Rather than make a decision to free Paul due to his innocence, Felix delays and keeps Paul in custody with some liberty (vv.22-23). Felix keeps on summoning Paul in the hope that a bribe would be paid for his release (v.26) and even brings along his Jewish wife Drusilla to hear about the righteousness and self-control and the coming judgement that Paul was preaching (vv.24-25). Breaking Roman law to keep Paul in this type of custody for more than two years (v.27) Felix show himself to be a selfish and politically-hungry governor who didn’t act on what he knew to be true (vv.22a).
When we began our journey through Acts we tried to establish if it was prescriptive or descriptive. What do we do with a passage like this, then? We are highly unlikely to find ourselves in the same situation that Paul was, so does that mean we can skip over passages like this?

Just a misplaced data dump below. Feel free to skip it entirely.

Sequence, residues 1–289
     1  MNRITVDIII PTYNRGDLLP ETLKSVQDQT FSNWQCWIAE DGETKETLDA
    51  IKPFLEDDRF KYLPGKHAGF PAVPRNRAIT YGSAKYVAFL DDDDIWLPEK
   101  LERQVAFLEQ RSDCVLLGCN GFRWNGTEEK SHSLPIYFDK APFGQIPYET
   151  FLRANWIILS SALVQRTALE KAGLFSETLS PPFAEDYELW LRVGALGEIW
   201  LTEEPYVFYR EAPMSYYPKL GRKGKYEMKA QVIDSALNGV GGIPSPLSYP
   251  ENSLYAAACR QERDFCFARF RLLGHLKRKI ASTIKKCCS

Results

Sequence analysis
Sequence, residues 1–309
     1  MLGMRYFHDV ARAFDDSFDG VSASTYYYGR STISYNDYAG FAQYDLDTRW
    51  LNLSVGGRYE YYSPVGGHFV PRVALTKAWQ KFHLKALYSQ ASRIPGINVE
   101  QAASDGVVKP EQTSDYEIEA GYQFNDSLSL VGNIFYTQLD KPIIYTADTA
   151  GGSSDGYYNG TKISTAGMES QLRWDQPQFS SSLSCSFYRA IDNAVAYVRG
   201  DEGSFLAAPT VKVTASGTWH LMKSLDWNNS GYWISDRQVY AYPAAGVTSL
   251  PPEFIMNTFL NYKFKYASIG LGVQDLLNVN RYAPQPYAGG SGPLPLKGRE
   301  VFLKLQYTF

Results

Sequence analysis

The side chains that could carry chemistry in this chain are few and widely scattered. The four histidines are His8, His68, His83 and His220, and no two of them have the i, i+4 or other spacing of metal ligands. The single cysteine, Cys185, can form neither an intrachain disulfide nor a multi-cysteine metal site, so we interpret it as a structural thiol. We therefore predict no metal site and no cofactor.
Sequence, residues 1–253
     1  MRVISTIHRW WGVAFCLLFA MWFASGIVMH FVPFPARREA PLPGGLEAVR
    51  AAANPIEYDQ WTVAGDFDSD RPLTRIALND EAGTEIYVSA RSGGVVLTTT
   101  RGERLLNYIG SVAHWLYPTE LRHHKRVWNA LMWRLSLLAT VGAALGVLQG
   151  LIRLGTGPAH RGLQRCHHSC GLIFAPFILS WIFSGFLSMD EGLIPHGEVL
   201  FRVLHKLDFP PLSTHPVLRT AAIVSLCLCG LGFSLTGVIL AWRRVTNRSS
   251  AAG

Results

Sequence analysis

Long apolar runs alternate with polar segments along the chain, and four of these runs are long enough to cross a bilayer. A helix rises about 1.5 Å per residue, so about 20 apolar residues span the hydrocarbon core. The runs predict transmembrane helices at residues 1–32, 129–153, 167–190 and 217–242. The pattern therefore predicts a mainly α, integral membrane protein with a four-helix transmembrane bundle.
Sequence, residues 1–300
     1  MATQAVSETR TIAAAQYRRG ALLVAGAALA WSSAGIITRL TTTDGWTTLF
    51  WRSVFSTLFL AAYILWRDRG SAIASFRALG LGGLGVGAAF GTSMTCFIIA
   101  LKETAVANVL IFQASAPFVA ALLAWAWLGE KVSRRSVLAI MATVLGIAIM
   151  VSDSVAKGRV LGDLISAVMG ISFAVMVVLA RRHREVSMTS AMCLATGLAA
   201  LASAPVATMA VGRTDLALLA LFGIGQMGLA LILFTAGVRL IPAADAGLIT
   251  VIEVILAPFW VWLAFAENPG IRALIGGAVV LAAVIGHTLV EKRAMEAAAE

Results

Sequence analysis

I love what David Guzik wrote about this, and here is where we take something for our day to day lives:
“Felix refused to release Paul, though he knew that he was innocent. He did this for the same reason Pilate condemned Jesus while knowing His innocence. They both acted out of pure political advantage…In a way, people like Felix and Pilate are the guiltiest of those who reject Jesus Christ. They know what is right but refuse to do right purely out of the fear of man. They have an eternally fatal lack of courage.”
No, we are unlikely to find ourselves in the same situation Paul did here, but we may well find ourselves in a situation like Felix or Pontius Pilate.
Not making a decision to do what is right,
delaying a decision to deepen our faith or strengthen our walk with the Lord,
is actually deciding against Jesus.
Let us be careful, then, to avoid deciding by delaying.